Mobile learning adoption in higher education in guyana

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Information about Mobile learning adoption in higher education in guyana
Education

Published on March 14, 2014

Author: lenandlar

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1 Company Proprietary and Confidential Mobile Learning Adoption in Higher Education in Guyana Troy Thomas Lenandlar Singh Kemuel Gaffar University of Guyana November 4, 2012

2 Company Proprietary and Confidential OUTLINE • Background • Hypotheses • Data and Method • Results • Discussion • Conclusion • Recommendations and Future Work

3 Company Proprietary and Confidential BACKGROUND • E-learning and technology has transformed the educational landscape worldwide giving rise to new pedagogical systems • One area of e-learning that is gaining increasing popularity and attention is mobile learning (MLearning) - a new educational paradigm! • MLearning allows "anywhere", "anytime" teaching and learning! • Constantly evolving with rapid increase of mobile devices and changing lifestyles of people • Ubiquitous and Pervasive

4 Company Proprietary and Confidential BACKGROUND • Research in m-learning still in its infancy stage • Wang et al. (2010) indicates that studies that explore the best practice of m-learning are largely undefined. • Lack of empirical evidence to show that mobile technology engages students and promote learning (Hlodan, 2010) • Need for systematic studies that examine instructors’ and students’ m-learning experience AND factors that affect adoption and acceptance

5 Company Proprietary and Confidential TECHNOLOGY ACCEPTANCE • Most MLearning studies are based on the Technology Acceptance Model - TAM (Davis, 1989) • or the Unified Theory of Acceptance and Use of Technology - UTAUT (Venkatesh et al., 2003) • Objective is to identify factors that influence adoption and relationship among factors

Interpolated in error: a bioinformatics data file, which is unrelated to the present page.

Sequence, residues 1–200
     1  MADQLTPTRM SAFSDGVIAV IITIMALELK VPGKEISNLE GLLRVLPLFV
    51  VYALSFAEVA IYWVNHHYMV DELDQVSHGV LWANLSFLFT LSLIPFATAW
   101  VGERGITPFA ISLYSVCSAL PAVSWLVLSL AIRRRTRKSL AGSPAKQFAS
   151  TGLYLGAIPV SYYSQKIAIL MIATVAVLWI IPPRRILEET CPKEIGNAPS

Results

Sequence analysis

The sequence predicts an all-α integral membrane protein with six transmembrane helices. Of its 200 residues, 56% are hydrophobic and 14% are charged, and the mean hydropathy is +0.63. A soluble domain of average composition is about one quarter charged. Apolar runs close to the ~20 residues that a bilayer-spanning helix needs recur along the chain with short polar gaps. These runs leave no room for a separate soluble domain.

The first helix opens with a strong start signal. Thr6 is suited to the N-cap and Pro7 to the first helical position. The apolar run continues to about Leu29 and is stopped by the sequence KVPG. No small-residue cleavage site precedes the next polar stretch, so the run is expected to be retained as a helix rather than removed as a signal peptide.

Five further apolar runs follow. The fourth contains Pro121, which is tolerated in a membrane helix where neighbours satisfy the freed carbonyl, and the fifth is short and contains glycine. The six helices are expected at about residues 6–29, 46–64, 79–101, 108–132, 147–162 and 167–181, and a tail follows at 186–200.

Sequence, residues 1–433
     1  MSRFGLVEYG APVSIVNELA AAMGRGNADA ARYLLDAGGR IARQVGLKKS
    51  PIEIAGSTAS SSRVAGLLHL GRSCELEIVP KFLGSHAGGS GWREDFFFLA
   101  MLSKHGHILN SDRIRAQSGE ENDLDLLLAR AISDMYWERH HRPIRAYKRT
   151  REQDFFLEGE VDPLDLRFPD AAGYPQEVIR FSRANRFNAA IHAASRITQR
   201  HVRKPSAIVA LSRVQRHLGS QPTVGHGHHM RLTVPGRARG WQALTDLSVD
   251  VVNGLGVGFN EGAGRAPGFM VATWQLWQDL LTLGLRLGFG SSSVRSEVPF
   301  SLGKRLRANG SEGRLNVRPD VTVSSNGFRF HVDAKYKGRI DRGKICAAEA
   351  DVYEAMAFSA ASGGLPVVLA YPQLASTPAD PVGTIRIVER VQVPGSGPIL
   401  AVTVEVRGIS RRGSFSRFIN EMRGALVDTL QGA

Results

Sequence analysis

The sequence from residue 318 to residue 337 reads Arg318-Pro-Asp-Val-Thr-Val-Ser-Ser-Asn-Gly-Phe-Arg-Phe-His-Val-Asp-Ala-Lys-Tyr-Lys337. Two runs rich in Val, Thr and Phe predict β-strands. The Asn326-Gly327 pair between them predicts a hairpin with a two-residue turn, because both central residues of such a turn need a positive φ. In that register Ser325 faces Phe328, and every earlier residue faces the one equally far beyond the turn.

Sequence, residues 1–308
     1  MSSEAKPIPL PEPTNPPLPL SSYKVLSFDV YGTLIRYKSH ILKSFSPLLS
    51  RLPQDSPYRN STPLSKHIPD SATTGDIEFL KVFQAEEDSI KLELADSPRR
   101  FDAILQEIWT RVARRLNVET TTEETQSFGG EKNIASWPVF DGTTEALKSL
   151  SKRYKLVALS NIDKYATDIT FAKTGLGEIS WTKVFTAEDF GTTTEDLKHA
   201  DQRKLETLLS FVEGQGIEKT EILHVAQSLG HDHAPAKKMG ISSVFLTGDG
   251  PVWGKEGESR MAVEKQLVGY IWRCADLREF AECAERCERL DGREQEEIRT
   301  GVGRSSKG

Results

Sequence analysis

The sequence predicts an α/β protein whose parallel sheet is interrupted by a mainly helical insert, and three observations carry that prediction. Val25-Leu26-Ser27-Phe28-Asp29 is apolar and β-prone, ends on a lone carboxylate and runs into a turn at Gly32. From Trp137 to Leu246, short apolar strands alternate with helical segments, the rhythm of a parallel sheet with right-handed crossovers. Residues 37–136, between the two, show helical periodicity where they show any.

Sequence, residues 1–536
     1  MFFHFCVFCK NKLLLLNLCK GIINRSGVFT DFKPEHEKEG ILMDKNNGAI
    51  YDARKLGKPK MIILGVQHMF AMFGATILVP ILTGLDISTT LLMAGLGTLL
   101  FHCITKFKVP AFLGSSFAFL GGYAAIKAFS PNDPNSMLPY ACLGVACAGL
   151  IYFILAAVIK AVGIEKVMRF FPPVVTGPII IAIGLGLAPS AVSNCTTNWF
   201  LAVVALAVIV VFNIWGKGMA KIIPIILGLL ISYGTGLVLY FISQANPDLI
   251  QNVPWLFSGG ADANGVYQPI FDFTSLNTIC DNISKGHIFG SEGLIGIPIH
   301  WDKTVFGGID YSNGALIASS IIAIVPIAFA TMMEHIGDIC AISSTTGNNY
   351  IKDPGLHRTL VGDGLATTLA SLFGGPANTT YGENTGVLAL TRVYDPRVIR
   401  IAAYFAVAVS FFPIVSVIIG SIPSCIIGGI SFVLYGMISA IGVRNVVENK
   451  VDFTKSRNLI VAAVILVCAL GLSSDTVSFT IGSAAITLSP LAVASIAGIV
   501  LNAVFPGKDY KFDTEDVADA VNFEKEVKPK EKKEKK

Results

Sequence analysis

6 Company Proprietary and Confidential THE UTAUT MODEL - Venkatesh et al. (2003)

7 Company Proprietary and Confidential THE UTAUT MODEL • UTAUT model should explain 70% of the variance in BI (Venkatesh et al., 2003) • In the UTAUT model, the interactions are essential to finding significant effects of SF on BI and FC does not affect BI (Venkatesh et al., 2003) • Most MLearning in HE studies are done in Western countries (Schepers and Wetzels, 2007; Traxler, 2007). Research emerging in non-Western context.

8 Company Proprietary and Confidential THE UTAUT MODEL • Do the hypothesized UTAUT relationships hold in non-Western context? • Jairak et al. (2009) (Thailand) finds an effect of FC on BI and no effect of PE on BI (violations of UTAUT) • Nassuora (2012) (Saudi Arabia) find no effect of SF on BI (may be due to omission of interactions.) • Im, Hong and Kang (2011) (US and Korea) confirm the UTAUT relationships (even without interactions)

9 Company Proprietary and Confidential HYPOTHESIS H1 : PE is positively related to BI H2 : EE is positively related to BI H3 : SF is positively related to BI H4 : ATT is positively related to BI H5 : PE is positively related to ATT H6 : EE is positively related to ATT H7 : SF is positively related to ATT H8 : FC is positively related to ATT H9: FC is positively related to BI

10 Company Proprietary and Confidential CONCEPTUAL STRUCTURAL FRAMEWORK

11 Company Proprietary and Confidential DATA AND METHOD • Large scale (online) survey of students • Survey sent to entire student population via email • 322 usable responses collected (43.4% males, 56.5% females)

12 Company Proprietary and Confidential METHOD • Modified UTAUT framework and survey items adopted from Jairak et al. (2009) - used 5-point rating scales • Confirmatory Factor Analysis (CFA) to determine whether the factors are retrieved from the data. • Reliability of factors and validity of loadings evaluated. • Model fit: RMSEA (<0.06) and CFI (>0.95) fit indices used. Chi-square too sensitive for large samples (Chen 2007; Hui & Bentler 1999).

13 Company Proprietary and Confidential RESULTS - CFA • Initial CFA did not fit very well (RMSEA= 0.08, CFI=0.98) • Modified one correlation between error terms (modification index = 135.96). FC2 and FC3 are correlated. • Revised model fits well (RMSEA 0.059, CFI=0.98). Change in Chi-square = 156.89 for 1 df. • Factor Loadings - generally greater than 0.7 (validity) • Internal Consistency Reliability (Cronbach alpha greater than 0.7)